Justice Delayed

By Peter Irons,

Book cover of Justice Delayed: The Record of the Japanese American Internment Cases

Peter Irons, at attorney, investigated the incarceration of US citizens of Japanese descent during World War II. He became so upset that he devoted his own legal career to securing a rare Supreme Court reversal of its infamous Korematsu decision. This book tells that story.


Who am I?

I’ve devoted my academic career and personal life to the limits and possibilities of white liberal approaches to civil rights reform. Trained in U.S. history and published in American Jewish history, I look closely at how ethnic groups and religious minorities interact with their racial and gender status to create a sometimes-surprising perspective on both history and our current day. At times powerful and at other times powerless, Jews (and other white ethnics) navigate a complex course in civil rights advocacy.


I wrote...

Black Power, Jewish Politics: Reinventing the Alliance in the 1960s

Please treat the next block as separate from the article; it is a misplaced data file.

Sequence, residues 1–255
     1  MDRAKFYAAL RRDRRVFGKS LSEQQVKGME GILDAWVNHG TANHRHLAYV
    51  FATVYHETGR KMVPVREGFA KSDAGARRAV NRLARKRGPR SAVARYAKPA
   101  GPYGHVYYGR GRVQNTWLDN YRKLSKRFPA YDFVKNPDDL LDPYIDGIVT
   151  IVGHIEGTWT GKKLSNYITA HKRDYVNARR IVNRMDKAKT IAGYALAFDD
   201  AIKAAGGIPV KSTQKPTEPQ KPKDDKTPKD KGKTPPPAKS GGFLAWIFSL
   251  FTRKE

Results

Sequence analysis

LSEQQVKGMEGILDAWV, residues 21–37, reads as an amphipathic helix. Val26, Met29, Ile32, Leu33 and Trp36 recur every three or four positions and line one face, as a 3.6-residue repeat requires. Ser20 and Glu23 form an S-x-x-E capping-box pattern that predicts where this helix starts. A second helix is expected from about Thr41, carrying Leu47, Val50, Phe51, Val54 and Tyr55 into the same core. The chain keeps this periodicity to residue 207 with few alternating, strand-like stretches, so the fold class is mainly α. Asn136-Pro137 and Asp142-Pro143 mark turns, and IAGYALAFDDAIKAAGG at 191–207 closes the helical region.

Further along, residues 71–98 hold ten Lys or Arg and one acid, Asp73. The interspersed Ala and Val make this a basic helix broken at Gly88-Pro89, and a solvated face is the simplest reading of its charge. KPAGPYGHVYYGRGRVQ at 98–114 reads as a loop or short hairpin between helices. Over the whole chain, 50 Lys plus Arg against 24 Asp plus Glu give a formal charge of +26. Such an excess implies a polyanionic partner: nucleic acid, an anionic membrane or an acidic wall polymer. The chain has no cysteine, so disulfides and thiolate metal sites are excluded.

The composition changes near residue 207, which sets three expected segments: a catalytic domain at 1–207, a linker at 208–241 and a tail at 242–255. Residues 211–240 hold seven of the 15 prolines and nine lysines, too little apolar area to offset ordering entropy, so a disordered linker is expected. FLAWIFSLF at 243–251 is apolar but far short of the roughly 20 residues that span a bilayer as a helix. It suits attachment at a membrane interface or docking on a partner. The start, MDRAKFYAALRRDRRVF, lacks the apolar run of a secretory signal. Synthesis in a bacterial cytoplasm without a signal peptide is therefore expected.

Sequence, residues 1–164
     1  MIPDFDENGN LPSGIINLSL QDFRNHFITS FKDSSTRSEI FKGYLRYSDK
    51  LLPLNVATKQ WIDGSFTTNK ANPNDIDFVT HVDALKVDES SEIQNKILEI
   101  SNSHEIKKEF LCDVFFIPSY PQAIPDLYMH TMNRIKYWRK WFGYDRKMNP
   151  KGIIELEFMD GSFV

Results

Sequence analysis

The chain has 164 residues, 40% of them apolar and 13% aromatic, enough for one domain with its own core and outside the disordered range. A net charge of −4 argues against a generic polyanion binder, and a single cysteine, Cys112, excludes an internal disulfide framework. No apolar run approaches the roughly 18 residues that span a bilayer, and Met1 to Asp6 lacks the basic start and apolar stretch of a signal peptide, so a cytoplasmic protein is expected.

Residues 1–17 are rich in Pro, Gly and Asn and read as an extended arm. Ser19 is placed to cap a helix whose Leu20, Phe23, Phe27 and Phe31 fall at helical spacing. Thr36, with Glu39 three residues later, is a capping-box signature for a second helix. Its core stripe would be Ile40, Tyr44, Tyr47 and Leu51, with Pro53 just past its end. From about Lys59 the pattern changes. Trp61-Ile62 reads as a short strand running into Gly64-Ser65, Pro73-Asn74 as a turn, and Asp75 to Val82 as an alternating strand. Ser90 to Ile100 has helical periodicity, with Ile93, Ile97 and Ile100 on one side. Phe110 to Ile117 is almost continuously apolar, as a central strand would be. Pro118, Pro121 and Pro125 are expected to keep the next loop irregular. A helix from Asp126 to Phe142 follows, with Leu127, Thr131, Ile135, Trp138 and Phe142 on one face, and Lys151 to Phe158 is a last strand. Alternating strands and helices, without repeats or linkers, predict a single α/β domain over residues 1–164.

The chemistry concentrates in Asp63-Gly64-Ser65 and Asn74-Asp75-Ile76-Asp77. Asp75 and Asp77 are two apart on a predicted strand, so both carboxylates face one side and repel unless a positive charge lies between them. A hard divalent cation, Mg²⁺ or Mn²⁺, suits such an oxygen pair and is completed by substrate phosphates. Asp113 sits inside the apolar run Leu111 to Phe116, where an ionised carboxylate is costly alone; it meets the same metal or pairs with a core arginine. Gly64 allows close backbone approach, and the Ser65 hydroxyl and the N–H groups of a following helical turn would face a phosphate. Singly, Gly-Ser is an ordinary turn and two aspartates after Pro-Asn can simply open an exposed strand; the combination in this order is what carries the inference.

By Marc Dollinger,

Book cover of Black Power, Jewish Politics: Reinventing the Alliance in the 1960s

What is my book about?

While many American Jews reflect on the civil rights movement as a time of unparalleled solidarity and blame the break-up of the alliance between white Jews and Blacks on the rise of Black militancy, this book offers a new, deeper, and more complex understanding of race relations in that era. During the 1950s, white male Jewish leaders actually supported the Nation of Islam, an antisemitic organization. In the mid-1960s, many Jews lauded the rise of Black Power, celebrating its successes. By the 1970s, Jewish organizations copied Black Power strategies to strengthen American Jewish identity.

Baseball Saved Us

By Ken Mochizuki, Dom Lee (illustrator),

Book cover of Baseball Saved Us

It’s been a few years since I shared this picture book with young readers, but I still remember the questions. A terrific discussion starter about immigration, Japanese culture, how we treat our fellow citizens and so much more, this beautifully-illustrated book made me curious about the internment camps. Like so many good stories, it sent me digging for more.


Who am I?